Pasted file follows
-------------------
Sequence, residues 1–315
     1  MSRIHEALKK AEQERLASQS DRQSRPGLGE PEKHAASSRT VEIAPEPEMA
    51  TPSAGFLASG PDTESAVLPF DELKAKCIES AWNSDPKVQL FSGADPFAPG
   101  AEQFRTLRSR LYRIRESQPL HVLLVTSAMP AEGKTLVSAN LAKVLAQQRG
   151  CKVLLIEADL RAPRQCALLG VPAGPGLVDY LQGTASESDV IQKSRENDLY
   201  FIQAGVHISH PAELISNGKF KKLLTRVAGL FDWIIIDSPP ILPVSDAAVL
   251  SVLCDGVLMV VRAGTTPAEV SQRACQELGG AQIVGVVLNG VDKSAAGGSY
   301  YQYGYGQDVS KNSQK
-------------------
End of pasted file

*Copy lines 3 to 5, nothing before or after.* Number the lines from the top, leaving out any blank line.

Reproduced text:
    51  TPSAGFLASG PDTESAVLPF DELKAKCIES AWNSDPKVQL FSGADPFAPG
   101  AEQFRTLRSR LYRIRESQPL HVLLVTSAMP AEGKTLVSAN LAKVLAQQRG
   151  CKVLLIEADL RAPRQCALLG VPAGPGLVDY LQGTASESDV IQKSRENDLY